Close

Stepping Up and Standing for Something: Corporate Communications of a New Era

The evolution of corporate communications has taken a whole new life in an era when trust is low and expectation is high. Added to that is the “always on” mentality, where the internet give audiences constant access to content and information, which also provides continual opportunities for skepticism. Consumers, users and potential advocates are inundated with reasons to not believe or invest themselves in a company’s mission, vision or values. The news is relentlessly covering corporate and social media misuse of information and companies are feeling the pressure to make good on promises of past times and stepping up to stand for something more than the product they sell. Above all of that, they are often not paying attention to the one thing that creates loyalty: trust. So what does that mean for companies trying to communicate about their values and show why they are worthy of a loyal community?

It means that the pressure is on and time is of the essence. We’re operating in a divisive environment where people are actively advocating for issues, engaging only with brands that align with their values and criticizing brands they think are doing it wrong. It means that every decision down to the tweets must have purpose, intention and ladder up to the larger mission of the company beyond the product they sell or create.

The big question is, how? How do brands do this in a way that feels genuine, transparent and of value without coming across as opportunistic and disingenuous?

A few ways to continually push towards and build that authentic connection with key audiences include:

  • Understanding your audience: To succeed on social platforms, and in general communications strategy, it is imperative to understand who your audience is and what they care about. This allows brands to create hyper-targeted content based on characteristics and preferences of their audience and avoid wasting time creating content that no one will care about. This doesn’t just apply to current audiences but is also applicable to wanting to recruit new audiences or groups that care about another sector of the business.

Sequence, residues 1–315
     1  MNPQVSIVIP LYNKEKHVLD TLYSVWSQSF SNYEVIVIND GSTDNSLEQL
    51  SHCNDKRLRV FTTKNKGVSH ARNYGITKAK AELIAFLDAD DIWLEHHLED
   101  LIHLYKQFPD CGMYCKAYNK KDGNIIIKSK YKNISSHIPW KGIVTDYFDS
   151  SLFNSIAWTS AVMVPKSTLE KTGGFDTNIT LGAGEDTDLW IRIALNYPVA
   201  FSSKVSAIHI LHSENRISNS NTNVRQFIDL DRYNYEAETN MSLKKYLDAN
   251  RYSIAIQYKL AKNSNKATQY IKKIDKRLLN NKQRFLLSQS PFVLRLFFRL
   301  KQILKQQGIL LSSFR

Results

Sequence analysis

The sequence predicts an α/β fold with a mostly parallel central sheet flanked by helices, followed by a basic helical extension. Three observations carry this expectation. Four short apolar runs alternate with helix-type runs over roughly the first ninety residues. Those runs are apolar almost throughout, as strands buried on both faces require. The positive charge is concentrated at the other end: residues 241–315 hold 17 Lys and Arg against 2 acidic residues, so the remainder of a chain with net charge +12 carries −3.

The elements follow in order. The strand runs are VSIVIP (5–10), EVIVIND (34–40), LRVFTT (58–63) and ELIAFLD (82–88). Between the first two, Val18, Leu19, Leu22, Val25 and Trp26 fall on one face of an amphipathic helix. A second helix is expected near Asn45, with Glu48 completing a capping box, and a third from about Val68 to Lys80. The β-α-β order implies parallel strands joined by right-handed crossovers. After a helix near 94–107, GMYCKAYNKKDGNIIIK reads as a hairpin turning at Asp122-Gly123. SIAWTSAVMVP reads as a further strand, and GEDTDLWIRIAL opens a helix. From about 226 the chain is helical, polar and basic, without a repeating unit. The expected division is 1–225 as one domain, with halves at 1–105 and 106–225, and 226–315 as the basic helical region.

• Building a community: Nobody likes to be talked at, and that includes people on social media. Create a community that shares your values, consistently engage and recruit new audience members. This gives companies and organizations an opportunity to co-create with their audience, which reinforces their roles in the narrative by directly relating to their lives, preferences, etc.
  • Always being transparent: This doesn’t necessarily mean sharing every painstaking detail about anything and everything. Instead, demonstrate that your actions match your statements and stick to it. This creates trust and loyalty, which leads to customer advocates.
  • Playing the long-term game: Don’t make decisions just to make them or based on trends, but pressure test decisions against your values to make sure they are aligned and authentic. We often see companies trying to be more reactive to audience demands, but staying the course ensures long-term commitment from the audience.
  • Creating physical touch points: Social media provides companies with unhindered access to each other, but it lacks human connections. Companies must create opportunities to connect with people in real life. Every touch point, digital or not, is an opportunity to build a loyal advocate. Take advantage of these opportunities in a way that creates two-way communication.

These are just a few ways to ensure your corporate brand stays authentic, relevant and connected in this ever-evolving landscape.

Close